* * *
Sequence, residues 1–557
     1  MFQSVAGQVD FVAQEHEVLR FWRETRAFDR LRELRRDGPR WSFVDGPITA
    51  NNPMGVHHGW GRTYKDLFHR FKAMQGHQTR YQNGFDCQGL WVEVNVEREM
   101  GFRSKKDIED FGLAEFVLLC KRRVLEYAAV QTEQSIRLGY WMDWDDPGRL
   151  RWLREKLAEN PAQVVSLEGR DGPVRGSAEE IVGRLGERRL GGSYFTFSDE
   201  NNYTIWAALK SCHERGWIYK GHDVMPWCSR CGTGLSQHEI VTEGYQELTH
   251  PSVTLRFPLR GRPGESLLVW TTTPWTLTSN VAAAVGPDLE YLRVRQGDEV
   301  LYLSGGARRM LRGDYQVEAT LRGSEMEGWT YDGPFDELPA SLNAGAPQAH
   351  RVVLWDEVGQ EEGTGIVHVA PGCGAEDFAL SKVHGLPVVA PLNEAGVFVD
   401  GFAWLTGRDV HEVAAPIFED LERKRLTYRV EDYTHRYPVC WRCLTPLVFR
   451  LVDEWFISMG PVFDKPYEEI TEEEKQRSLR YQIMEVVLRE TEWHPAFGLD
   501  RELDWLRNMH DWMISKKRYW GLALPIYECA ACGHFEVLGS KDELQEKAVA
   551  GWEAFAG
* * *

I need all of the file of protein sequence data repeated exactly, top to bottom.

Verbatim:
Sequence, residues 1–557
     1  MFQSVAGQVD FVAQEHEVLR FWRETRAFDR LRELRRDGPR WSFVDGPITA
    51  NNPMGVHHGW GRTYKDLFHR FKAMQGHQTR YQNGFDCQGL WVEVNVEREM
   101  GFRSKKDIED FGLAEFVLLC KRRVLEYAAV QTEQSIRLGY WMDWDDPGRL
   151  RWLREKLAEN PAQVVSLEGR DGPVRGSAEE IVGRLGERRL GGSYFTFSDE
   201  NNYTIWAALK SCHERGWIYK GHDVMPWCSR CGTGLSQHEI VTEGYQELTH
   251  PSVTLRFPLR GRPGESLLVW TTTPWTLTSN VAAAVGPDLE YLRVRQGDEV
   301  LYLSGGARRM LRGDYQVEAT LRGSEMEGWT YDGPFDELPA SLNAGAPQAH
   351  RVVLWDEVGQ EEGTGIVHVA PGCGAEDFAL SKVHGLPVVA PLNEAGVFVD
   401  GFAWLTGRDV HEVAAPIFED LERKRLTYRV EDYTHRYPVC WRCLTPLVFR
   451  LVDEWFISMG PVFDKPYEEI TEEEKQRSLR YQIMEVVLRE TEWHPAFGLD
   501  RELDWLRNMH DWMISKKRYW GLALPIYECA ACGHFEVLGS KDELQEKAVA
   551  GWEAFAG